5. Dec 18, 2016 #4
    To add on top of that, if heat is the transfer of KE through the collisions of atoms, why isn't it considered mechanical work? Aren't the atoms essentially doing work on other atoms?
     
  6. Dec 18, 2016 #5

    Andrew Mason

    User Avatar
    Science Advisor
    Homework Helper

    Temperature of a system is a measure of the average translational kinetic energies of its molecules (in thermodynamic equilibrium). Heat flow occurs between two such systems if there is a difference in their temperatures and if there is thermal contact between them so that the molecules of each system can physically interact at some interface between them. Eventually the two systems will reach thermodynamic equilibrium (same temperature) due to the heat flow from the higher temperature system to the lower.

    When heat flow occurs between systems, the molecules of the higher temperature system do work on the molecules of the cooler system. But that work causes random changes in translational kinetic energy of the molecules within each system so that the transfer of energy does not change the translational kinetic energy of the centre of mass of either system. Mechanical work is work that can change the centres of mass of systems or macroscopic parts of systems.

    AM
     
  7. Dec 18, 2016 #6
    Neat, thanks again for that comprehensive explanation.

    So to sum it up, temperature is the measure of average translational KE, but, this is excluding the KE due to vibrations and rotations. In an adiabatic process, there is no gain in or loss in heat, then by definition there is no transfer of energy? However, the system can have a lower/higher temperature, so isn't that drop/gain associated with the heat flow? Why are the molecules losing/gaining translational KE during a adiabatic process without losing/gaining heat?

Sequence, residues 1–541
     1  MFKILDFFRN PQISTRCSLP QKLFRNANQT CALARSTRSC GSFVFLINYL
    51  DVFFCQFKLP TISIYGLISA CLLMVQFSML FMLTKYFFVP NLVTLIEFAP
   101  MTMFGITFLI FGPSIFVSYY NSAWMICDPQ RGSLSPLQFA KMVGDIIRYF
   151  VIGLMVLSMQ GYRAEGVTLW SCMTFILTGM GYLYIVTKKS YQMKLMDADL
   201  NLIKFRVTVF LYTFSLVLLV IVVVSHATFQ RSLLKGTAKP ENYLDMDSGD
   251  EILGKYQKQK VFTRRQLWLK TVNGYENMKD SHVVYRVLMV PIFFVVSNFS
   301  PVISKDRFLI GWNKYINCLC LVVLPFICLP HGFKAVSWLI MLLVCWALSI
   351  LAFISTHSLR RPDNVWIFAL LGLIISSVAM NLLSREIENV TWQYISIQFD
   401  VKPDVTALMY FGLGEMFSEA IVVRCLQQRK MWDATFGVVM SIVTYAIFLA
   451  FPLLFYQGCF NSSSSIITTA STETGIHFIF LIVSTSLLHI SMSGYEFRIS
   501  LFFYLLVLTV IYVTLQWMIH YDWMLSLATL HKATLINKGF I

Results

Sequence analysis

8. Dec 18, 2016 #7

    Andrew Mason

    User Avatar
    Science Advisor
    Homework Helper

    Their energy has increased/decreased due to mechanical work done on/by the system. For example, when a gas is compressed, the moving walls of the container cause an increase in speed of the gas molecules, which increases the temperature of the gas. But this is not the result of random molecular transfers of translational kinetic energy (ie. heat flow). It is the result of the macroscopic organized transfer of energy from the wall (ie. mechanical work being done on the gas by an external source pushing on the walls).

    AM
     
    Last edited: Dec 19, 2016
  9. Dec 18, 2016 #8
    Cool this is starting to come together. So one last question. The reason why engines aren't 100% efficient is because of this random factor? For example, the random movement of these atoms can't all be used to expand a piston, since some of that "work" will be put into changing the KEs of other atoms?
     
  10. Dec 18, 2016 #9